Table 1: List of samples used in training
Image for - Training and Control of Performance of a Tactile Sensory Panel

Characteristics of the evaluated fabric: These panelists were trained with textile fabrics (Table 1) of different aspects and structures; furnishing fabrics, knitting, clothing fabrics. The fabrics were cut into 30x25 cm swatches with the longest edge are in parallel to the warp direction. Later samples were given for the panelists’ one after the other in a mixed order and they were asked to rank the fabrics. Before testing, specimens were kept in standard atmosphere conditions (temperature 20±2°C, humidity 65±2%) not less than 24 h (AFNOR, 1992).

RESULTS AND DISCUSSION

Establishment of the attributes list: With the aim of obtaining the maximum number of descriptive terms and to avoid skews due to the influence of an individual on the group, a certain number of people of various ages, sexes, regions and experiences were queried using a form to fill,. Each person of this questioned population was invited to argue his/her decision of acceptance or rejection of a textile fabric in general by descriptive terms, thus to explain the significance of each attribute. The questionnaire was made in absence of the samples so that the terms given by the questioned persons are not limited by the characteristics of the provided samples. The result of this questionnaire was a preliminary list of 57 diversified terms. They are classified alphabetically in the Table 2.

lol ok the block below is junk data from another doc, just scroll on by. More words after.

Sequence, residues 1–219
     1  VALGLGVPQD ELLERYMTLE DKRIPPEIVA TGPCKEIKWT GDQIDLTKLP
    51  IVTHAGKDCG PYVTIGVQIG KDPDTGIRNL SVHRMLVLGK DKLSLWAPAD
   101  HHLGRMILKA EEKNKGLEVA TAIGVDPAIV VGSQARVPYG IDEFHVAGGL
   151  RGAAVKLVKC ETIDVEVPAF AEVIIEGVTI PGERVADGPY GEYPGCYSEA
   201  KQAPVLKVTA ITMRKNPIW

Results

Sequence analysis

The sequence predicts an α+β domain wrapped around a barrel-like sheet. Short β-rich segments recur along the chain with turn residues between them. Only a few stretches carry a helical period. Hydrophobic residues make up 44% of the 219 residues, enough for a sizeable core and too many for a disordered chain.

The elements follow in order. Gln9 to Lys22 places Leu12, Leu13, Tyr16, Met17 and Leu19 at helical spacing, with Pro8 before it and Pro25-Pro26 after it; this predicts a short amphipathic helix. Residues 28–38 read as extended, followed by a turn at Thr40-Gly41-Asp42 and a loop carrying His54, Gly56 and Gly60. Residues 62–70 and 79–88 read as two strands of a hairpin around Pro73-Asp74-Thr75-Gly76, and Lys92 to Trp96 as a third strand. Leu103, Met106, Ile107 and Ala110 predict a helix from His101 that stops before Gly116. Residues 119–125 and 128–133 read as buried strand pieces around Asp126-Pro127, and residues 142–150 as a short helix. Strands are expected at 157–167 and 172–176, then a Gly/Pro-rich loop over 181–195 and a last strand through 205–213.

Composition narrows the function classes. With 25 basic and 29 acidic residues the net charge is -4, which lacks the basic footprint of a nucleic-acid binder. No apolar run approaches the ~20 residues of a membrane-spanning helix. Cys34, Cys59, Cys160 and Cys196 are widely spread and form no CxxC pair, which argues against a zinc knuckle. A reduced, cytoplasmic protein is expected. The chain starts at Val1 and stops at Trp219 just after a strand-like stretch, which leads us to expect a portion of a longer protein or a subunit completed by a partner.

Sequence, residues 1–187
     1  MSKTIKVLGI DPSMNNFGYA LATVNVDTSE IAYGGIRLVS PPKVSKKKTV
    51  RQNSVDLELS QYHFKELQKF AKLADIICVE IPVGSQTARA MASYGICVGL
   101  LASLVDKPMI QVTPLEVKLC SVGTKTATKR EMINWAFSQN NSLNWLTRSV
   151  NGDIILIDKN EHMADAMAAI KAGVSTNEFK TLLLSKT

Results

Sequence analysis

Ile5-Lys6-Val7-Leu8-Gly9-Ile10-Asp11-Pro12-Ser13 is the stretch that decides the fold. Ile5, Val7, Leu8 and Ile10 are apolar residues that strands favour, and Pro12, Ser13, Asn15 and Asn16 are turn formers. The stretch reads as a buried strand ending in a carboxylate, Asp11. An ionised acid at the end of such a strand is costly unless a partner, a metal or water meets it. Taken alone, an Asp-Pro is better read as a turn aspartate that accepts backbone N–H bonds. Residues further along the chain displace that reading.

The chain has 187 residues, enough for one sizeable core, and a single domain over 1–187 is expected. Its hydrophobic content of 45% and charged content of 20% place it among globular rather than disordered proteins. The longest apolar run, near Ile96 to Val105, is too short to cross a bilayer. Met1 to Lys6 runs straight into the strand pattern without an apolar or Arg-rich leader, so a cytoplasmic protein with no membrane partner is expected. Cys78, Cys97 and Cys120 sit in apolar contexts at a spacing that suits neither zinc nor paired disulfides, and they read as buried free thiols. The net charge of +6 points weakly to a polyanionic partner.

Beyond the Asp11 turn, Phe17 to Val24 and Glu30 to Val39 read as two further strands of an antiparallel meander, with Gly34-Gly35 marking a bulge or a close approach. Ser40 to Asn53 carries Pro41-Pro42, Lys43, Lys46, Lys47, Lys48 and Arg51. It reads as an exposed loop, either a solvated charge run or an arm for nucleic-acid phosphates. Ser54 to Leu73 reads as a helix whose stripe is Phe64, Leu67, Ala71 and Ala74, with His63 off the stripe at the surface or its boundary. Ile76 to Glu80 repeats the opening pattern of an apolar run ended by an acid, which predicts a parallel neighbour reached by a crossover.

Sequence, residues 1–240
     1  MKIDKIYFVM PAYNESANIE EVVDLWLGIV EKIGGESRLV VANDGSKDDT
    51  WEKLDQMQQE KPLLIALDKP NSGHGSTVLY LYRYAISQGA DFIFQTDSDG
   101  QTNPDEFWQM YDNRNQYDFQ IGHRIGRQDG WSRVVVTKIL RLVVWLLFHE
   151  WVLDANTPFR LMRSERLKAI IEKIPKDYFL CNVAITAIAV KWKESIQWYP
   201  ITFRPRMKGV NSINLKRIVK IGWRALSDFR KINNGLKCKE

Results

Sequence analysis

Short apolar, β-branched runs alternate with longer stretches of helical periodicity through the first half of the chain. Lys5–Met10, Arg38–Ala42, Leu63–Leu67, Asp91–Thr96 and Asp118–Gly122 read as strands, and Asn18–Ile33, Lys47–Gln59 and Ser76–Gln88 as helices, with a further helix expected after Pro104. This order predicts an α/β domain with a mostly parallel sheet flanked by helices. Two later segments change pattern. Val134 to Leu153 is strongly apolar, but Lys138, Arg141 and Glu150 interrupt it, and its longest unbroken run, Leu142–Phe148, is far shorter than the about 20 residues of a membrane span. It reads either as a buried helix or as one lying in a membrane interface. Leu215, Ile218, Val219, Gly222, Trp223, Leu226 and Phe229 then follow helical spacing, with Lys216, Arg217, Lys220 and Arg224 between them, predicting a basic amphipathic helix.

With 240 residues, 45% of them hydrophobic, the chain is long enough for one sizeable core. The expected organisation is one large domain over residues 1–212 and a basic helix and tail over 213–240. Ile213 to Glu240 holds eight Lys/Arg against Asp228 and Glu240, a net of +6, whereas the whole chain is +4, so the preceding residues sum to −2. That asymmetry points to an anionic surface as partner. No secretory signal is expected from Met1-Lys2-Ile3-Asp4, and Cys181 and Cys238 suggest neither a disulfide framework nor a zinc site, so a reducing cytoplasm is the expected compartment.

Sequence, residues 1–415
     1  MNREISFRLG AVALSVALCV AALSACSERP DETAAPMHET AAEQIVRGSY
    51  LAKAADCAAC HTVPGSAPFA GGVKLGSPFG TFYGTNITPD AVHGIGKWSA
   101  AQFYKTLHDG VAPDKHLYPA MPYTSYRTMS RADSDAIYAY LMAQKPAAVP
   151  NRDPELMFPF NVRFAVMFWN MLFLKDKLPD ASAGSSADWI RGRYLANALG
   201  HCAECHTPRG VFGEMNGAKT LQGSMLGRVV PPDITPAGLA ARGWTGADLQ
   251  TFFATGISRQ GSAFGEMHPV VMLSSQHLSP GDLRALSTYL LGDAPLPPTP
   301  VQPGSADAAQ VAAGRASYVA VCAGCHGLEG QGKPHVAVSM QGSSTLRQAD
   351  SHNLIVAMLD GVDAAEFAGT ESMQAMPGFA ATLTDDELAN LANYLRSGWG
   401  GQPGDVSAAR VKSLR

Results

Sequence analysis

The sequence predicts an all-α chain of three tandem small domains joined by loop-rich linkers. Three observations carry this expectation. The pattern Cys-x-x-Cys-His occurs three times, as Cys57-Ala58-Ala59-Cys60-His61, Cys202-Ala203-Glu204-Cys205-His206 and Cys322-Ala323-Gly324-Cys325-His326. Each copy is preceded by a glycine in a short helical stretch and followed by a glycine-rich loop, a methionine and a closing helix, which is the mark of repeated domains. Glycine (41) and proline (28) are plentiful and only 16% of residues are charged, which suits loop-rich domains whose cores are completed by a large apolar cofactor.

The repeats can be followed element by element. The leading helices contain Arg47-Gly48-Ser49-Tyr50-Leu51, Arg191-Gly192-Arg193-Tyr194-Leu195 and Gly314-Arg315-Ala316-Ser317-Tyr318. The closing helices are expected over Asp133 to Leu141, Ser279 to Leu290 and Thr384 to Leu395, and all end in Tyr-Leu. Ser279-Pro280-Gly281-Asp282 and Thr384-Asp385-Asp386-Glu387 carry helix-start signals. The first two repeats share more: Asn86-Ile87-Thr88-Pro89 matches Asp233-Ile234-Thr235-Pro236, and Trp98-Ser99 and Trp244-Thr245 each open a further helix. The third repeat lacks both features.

We noted that there are other original terms suitable for the Tunisian Arab language which signify “well or beautiful”.

We also obtained several terms which describe the material handfeel: cotton, wool, silk, linen, cashmere, polyester. In the list also appear the terms which describe the fabric structure: fabric, knitting, satin, Jean, Denim.

A preliminary qualitative sorting (AFNOR, 1994, 1993) is carried out to eliminate from this generated list the hedonic terms, terms characterizing a material, the irrelevant terms and the attributes referring to the visual feel. We considered as irrelevant, the terms which do not describe the textile hand, such as; hard, absorbent, full, porous etc.

Table 2: Preliminary list of the 57 attributes
Image for - Training and Control of Performance of a Tactile Sensory Panel